Many staining methods for flow cytometry use either fixed cells or treat cells with a hypotonic solution to permit DNA staining by non-vital dyes. The apoptotic cells with degraded DNA appear as cells with hypodiploid DNA content and are represented in so-called "sub-G1" peaks on DNA histograms (6,12). Telford et. al. (12) showed on murine thymocytes that many different DNA dyes produce similar distributions of "sub-G1" peaks irrespective of their binding mode when the same cell fixation method was used. However, when we tried to apply the hypotonic PI method by Nicoletti et al. (6) to human thymocytes our results indicated that use of dissimilar sample preparation methods (e.g. live staining with HO342 vs. hypotonic PI) can lead to dramatic differences in the ability to detect apoptotic cells. Under certain conditions, the treatment of human thymocytes with hypotonic citrate solution containing detergent may not permit leakage of the low molecular weight DNA out of apoptotic cells; this leakage has been proposed as a pre-requisite for the formation of "sub-G1" peaks (1). In murine thymocytes, however, the hypotonic PI staining method produces a clear distinction between live and apoptotic cells (6).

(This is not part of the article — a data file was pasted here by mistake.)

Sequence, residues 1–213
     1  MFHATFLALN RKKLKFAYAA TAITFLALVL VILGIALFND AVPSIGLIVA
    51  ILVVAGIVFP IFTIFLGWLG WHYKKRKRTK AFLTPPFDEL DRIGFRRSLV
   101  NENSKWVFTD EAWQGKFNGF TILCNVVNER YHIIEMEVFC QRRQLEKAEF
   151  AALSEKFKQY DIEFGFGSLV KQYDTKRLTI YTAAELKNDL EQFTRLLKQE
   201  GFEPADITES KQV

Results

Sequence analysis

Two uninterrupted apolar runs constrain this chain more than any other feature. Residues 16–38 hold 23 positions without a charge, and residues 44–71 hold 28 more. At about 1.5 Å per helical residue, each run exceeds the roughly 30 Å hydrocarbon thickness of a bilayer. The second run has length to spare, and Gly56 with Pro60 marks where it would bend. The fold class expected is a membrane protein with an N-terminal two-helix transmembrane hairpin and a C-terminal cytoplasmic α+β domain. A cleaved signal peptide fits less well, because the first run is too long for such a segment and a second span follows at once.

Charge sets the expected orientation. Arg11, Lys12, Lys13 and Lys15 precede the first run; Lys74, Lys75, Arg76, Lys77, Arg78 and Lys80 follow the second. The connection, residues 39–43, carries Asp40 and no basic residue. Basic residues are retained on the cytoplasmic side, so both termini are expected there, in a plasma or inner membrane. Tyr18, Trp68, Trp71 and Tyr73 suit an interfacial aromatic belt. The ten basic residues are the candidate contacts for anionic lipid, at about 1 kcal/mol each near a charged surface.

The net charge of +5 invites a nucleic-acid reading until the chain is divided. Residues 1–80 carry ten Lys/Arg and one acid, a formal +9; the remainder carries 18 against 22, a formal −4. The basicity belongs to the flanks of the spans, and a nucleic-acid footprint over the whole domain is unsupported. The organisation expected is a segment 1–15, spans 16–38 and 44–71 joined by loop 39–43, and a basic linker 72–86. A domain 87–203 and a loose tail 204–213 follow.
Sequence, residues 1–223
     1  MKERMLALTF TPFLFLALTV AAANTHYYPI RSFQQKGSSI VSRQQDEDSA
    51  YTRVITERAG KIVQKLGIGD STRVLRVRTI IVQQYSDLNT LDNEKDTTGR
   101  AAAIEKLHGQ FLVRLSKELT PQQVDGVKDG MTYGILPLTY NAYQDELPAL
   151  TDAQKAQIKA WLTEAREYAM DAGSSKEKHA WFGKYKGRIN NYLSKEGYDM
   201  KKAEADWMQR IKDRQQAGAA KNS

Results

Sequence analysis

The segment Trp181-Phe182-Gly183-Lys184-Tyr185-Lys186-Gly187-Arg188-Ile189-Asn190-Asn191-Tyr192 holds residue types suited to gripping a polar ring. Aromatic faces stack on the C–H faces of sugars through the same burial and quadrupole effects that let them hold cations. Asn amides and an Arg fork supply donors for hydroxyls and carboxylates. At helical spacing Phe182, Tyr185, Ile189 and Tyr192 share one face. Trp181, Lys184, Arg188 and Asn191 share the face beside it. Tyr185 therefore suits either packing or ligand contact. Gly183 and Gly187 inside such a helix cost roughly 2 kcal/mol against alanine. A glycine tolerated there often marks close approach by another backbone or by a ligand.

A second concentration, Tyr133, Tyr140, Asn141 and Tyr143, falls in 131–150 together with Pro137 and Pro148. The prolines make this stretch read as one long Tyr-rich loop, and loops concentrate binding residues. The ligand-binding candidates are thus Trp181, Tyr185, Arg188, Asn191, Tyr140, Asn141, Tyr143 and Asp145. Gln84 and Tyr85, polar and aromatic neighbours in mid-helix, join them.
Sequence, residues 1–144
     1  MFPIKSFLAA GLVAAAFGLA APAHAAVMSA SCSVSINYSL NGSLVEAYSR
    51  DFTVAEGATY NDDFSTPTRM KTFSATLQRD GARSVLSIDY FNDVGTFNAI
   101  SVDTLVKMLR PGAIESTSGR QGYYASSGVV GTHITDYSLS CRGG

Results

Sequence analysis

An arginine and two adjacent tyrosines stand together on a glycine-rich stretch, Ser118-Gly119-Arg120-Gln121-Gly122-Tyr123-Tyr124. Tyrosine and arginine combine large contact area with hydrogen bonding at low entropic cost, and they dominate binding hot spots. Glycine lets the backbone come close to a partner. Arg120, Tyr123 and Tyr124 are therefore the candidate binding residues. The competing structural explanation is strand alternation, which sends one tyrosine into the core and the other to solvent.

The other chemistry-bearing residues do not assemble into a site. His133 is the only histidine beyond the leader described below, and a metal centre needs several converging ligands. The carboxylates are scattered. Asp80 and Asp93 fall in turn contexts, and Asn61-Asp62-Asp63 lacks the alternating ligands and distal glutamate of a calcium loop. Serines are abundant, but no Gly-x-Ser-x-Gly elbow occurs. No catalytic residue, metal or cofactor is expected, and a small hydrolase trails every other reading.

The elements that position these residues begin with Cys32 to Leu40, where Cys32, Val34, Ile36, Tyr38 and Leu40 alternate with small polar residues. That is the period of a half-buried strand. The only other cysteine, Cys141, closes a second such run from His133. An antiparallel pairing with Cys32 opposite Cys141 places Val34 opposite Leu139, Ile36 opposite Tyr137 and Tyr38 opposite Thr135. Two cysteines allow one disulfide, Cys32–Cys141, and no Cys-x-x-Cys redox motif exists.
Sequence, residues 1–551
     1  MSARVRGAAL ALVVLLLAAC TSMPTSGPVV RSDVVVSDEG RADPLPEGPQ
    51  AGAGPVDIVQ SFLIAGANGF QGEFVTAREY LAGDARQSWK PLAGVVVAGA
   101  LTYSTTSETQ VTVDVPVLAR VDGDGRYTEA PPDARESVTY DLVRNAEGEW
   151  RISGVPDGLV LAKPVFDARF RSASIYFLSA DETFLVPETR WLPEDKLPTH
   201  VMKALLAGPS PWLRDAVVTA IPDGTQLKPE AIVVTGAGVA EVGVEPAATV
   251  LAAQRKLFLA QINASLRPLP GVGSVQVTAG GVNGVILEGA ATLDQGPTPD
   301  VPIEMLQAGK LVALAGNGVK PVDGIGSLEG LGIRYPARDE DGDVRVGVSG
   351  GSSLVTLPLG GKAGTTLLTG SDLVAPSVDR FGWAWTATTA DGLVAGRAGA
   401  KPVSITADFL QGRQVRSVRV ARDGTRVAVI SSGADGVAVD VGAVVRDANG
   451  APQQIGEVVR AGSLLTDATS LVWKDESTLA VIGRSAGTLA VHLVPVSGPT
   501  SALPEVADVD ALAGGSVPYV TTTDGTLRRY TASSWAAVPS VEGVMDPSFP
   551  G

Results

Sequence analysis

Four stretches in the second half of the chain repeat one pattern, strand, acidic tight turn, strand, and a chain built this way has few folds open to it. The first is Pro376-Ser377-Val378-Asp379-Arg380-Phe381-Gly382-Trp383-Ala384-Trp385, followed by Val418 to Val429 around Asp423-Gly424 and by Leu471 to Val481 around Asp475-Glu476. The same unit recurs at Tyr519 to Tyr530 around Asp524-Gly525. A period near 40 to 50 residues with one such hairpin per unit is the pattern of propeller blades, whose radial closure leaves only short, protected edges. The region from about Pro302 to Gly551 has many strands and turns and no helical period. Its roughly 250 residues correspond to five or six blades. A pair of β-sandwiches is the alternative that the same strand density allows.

Recently, it has been postulated that the stability and the kinetics of intermediate cell death stages may determine the resistance of a particular cell type to DNA degradation. Consequently, the visibility of "sub-G1" peaks by flow cytometry and also the formation of characteristic DNA ladders on agarose gels might be a function of individual cellular homeostasis. The absence of a "sub-G1" peak on a DNA histogram should not constitute proof of no apoptosis (1). Conversely, it has also been stated that the mere appearance of a hypodiploid DNA peak should not be taken as definite evidence for the presence of an apoptotic cell population without other supporting information (7). Flow cytometric findings in a particular cell type exposed to a certain stimulus must therefore be always verified with other non-flow cytometric methods. Recently, rapid flow cytometric staining methods that use Annexin V for detection of phosphatidylserine exposure on the cell surface as a marker of apoptosis have become commercially available. For this staining method it is essential to add a dead cell discrimination dye like propidium iodide or 7-amino-actinomycin D to the stained cells, because late apoptotic or necrotic cells also express phosphatidylserine and have to be distinguished from the early apoptotic cells by fluorescence (13). The newest flow cytometric assays measure Caspase-3 activity, an early marker of cells undergoing apoptosis and kits for performing this assays are commercially available (14).